According to an article in the Los Angeles Times on Wednesday, “In much of the nation, ‘cap and trade’ has become a dirty phrase this election season, and the political storm over global warming’s causes and solutions may determine several key races.”

If global warming is so pivotal in so many races, though, why did the Times decide to bury its story, which focused on the congressional race in Virginia’s fifth district, on page fourteen? If, as the article claimed, “Polls suggest several House races may turn on whether the incumbent voted for the ‘cap and trade’ bill in 2009,” isn’t that worthy of, say, front-page attention and analysis?

The answer should, of course, be yes. The problem is that the Times’s claim about what polls have suggested is highly dubious. The article refers to two pollsters. The first is the National Resources Defense Council Action Fund, which supports climate legislation and, on October 18, published the results of a survey of voters in twenty-three congressional districts. The poll asked respondents whether they would be more or less likely to vote for a candidate that had voted for a clean-energy bill, and most people said they would be more likely to do so. That says absolutely nothing about whether voters will cast their ballots based primarily on a candidate’s position on energy, however.

The Times’s second piece of evidence for its claim about the centrality of cap and trade to the mid-term election comes from Jon McHenry, a Republican pollster who surveyed thirty-one House races (from west, to Midwest, to east) for the conservative American Action Forum. Contrary to the NRDC Action Fund’s conclusions, he found that voters would be less likely to support a candidate who had voted for cap-and-trade legislation. Again, however, that says nothing about whether or not voters are basing their decision primarily on candidates’ positions on energy issues. In fact, they probably aren’t. The NRDC Action Fund survey didn’t even ask about other issues, and the American Action Forum survey found that there were other issues—like health care and the capital gains tax—that made more voters less likely to vote for a candidate. Moreover, both groups’ questions were quite leading, stressing the arguments for or against energy legislation that matched their own interests.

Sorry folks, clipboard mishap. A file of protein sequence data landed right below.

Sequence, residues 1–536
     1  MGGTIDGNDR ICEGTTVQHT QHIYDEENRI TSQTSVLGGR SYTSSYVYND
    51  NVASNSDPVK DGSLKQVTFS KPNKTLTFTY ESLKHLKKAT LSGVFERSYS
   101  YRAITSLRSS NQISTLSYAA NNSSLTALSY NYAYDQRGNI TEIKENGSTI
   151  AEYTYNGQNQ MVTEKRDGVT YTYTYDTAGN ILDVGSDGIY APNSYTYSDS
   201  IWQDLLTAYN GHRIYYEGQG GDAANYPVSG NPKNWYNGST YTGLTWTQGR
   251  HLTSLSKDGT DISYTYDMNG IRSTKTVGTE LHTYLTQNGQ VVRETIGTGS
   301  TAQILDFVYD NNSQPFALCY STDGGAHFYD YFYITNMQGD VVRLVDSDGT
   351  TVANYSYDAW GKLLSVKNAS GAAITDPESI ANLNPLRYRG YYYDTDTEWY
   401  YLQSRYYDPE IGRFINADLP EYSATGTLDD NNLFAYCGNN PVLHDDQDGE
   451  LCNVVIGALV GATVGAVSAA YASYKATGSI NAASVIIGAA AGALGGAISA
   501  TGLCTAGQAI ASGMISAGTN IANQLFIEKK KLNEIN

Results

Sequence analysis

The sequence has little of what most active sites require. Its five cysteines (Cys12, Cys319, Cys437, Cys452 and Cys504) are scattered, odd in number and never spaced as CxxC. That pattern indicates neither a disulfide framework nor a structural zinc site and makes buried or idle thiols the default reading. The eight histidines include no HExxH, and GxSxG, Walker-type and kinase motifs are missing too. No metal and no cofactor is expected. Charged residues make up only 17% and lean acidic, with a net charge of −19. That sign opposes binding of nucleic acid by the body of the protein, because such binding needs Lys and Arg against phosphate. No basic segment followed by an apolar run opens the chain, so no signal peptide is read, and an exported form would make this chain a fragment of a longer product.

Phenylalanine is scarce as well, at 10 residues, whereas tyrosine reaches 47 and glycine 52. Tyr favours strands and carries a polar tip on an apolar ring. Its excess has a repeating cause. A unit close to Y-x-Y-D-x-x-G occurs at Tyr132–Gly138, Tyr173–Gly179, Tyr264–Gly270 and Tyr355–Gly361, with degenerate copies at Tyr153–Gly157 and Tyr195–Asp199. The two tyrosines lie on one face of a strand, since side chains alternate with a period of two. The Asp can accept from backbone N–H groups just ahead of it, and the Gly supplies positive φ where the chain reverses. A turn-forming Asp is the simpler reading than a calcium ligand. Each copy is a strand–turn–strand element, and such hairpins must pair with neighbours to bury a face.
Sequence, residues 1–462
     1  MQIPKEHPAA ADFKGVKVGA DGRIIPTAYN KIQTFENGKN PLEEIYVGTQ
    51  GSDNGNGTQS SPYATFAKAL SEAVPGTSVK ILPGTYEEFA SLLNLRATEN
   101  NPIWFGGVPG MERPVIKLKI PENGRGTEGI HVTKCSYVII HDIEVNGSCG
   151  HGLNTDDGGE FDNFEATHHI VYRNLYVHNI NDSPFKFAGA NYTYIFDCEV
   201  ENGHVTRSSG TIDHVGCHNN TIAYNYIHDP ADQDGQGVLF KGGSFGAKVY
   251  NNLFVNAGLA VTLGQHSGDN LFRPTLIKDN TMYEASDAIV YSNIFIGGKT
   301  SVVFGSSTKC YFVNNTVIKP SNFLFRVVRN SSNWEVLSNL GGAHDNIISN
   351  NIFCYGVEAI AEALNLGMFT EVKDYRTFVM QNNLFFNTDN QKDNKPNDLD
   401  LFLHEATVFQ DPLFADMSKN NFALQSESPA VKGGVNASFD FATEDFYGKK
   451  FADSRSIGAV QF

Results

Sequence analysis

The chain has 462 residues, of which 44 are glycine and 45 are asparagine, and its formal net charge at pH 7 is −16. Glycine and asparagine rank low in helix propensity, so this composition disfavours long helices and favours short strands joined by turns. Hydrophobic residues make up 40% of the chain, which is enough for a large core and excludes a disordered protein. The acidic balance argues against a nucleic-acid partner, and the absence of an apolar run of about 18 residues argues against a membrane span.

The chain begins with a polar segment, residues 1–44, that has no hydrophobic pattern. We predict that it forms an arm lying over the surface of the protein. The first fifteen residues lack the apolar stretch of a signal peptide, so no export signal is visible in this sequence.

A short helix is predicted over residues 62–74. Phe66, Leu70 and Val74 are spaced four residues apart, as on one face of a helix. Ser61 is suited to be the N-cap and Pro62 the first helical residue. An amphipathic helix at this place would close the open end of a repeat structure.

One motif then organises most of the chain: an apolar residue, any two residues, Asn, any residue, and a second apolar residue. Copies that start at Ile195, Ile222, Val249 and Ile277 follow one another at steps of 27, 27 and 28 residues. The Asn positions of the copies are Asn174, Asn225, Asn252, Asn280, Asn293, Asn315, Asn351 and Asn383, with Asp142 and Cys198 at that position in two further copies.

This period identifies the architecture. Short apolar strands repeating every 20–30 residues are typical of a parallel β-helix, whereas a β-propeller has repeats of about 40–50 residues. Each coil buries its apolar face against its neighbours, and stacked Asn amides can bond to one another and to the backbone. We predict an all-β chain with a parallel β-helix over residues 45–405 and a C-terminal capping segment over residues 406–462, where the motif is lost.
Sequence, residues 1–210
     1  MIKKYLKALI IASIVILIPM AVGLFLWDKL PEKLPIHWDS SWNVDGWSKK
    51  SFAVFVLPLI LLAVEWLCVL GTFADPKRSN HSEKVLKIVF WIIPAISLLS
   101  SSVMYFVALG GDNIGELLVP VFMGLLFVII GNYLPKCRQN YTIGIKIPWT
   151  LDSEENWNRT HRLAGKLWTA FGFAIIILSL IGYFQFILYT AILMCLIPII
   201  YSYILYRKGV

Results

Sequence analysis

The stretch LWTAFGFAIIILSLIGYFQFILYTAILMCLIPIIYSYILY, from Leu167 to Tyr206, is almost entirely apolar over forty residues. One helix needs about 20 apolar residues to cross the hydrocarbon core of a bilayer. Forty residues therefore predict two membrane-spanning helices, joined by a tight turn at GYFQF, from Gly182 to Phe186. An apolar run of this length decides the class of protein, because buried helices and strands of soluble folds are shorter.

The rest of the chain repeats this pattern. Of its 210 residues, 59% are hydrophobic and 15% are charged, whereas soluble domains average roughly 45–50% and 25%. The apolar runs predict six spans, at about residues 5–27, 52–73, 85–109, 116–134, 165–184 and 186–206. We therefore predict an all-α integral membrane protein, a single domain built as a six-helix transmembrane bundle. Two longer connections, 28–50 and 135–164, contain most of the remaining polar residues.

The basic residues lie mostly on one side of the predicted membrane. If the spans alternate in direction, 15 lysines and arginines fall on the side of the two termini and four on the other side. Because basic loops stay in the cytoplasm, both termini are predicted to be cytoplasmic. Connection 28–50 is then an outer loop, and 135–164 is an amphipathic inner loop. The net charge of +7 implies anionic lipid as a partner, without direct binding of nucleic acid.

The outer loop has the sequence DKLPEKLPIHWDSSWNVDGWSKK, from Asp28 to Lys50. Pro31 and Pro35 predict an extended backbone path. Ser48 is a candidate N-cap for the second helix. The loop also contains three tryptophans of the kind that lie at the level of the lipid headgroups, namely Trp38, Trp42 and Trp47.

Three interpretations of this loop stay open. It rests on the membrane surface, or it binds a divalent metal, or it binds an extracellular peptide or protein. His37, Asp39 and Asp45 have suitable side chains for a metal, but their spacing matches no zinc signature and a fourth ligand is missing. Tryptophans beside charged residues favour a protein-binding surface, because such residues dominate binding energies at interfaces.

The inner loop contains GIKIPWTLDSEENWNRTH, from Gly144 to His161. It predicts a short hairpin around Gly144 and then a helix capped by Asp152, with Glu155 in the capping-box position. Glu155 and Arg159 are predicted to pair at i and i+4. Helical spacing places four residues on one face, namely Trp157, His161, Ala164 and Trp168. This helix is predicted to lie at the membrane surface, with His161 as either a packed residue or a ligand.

As heartening as it would be to see candidates and voters taking energy and environmental issues into serious consideration this election season, the evidence simply doesn’t support that narrative. The economy is eclipsing all other concerns, and where climate legislation has come up on the campaign trail, it has generally been given short shrift, serving only as one measure among many of a candidate’s position on “big government.” Where there has been coverage of the role energy and environmental issues have played in the election, it has usually been up to reporters to draw out candidates’ views.

Take this nut graph from a Greenwire story about three tight House races in Washington, where support for the environment is the “default” position among all candidates:

Washington residents, many of whom are hikers and bikers, spend a lot of time outdoors. And many voters care about the environment, according to a recent survey of registered voters in southwest Washington, commissioned by two environmental groups. Seventy-three percent said conservation is important when considering whether to support a political candidate.

But even in Washington, jobs and government spending, rather than the environment, have dominated the dialogue in the three close U.S. House races.

Or this lede from an article in The Providence Journal at the end of September:

During one public meeting after another in recent weeks, the four leading candidates for governor rarely strayed from talking about the economy, the state budget crisis and taxes. In their first debate Tuesday night devoted to the environment, they continued focusing on the economy, state budget and taxes.

They all said they favored recycling more, bringing more alternative energy sources online and continuing to protect Narragansett Bay. But they all kept falling back to the economy, where they did offer differing ways for turning things around.

Curtis Brainard is the editor of The Observatory, CJR's online critique of science and environment reporting. Follow him on Twitter @cbrainard.